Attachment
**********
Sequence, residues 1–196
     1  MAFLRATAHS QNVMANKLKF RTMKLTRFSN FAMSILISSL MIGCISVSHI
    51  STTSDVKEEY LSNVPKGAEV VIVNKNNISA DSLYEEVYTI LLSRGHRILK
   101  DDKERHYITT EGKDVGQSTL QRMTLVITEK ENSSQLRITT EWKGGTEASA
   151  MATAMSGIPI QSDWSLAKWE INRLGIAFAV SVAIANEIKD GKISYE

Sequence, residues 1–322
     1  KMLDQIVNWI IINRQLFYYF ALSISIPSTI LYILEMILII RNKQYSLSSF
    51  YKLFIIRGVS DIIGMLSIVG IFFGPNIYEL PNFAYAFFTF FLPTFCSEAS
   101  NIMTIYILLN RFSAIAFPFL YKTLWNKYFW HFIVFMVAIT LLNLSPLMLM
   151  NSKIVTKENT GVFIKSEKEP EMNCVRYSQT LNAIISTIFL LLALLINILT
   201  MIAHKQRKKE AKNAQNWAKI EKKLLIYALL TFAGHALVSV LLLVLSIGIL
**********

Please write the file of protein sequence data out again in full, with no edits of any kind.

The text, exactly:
Sequence, residues 1–196
     1  MAFLRATAHS QNVMANKLKF RTMKLTRFSN FAMSILISSL MIGCISVSHI
    51  STTSDVKEEY LSNVPKGAEV VIVNKNNISA DSLYEEVYTI LLSRGHRILK
   101  DDKERHYITT EGKDVGQSTL QRMTLVITEK ENSSQLRITT EWKGGTEASA
   151  MATAMSGIPI QSDWSLAKWE INRLGIAFAV SVAIANEIKD GKISYE

Sequence, residues 1–322
     1  KMLDQIVNWI IINRQLFYYF ALSISIPSTI LYILEMILII RNKQYSLSSF
    51  YKLFIIRGVS DIIGMLSIVG IFFGPNIYEL PNFAYAFFTF FLPTFCSEAS
   101  NIMTIYILLN RFSAIAFPFL YKTLWNKYFW HFIVFMVAIT LLNLSPLMLM
   151  NSKIVTKENT GVFIKSEKEP EMNCVRYSQT LNAIISTIFL LLALLINILT
   201  MIAHKQRKKE AKNAQNWAKI EKKLLIYALL TFAGHALVSV LLLVLSIGIL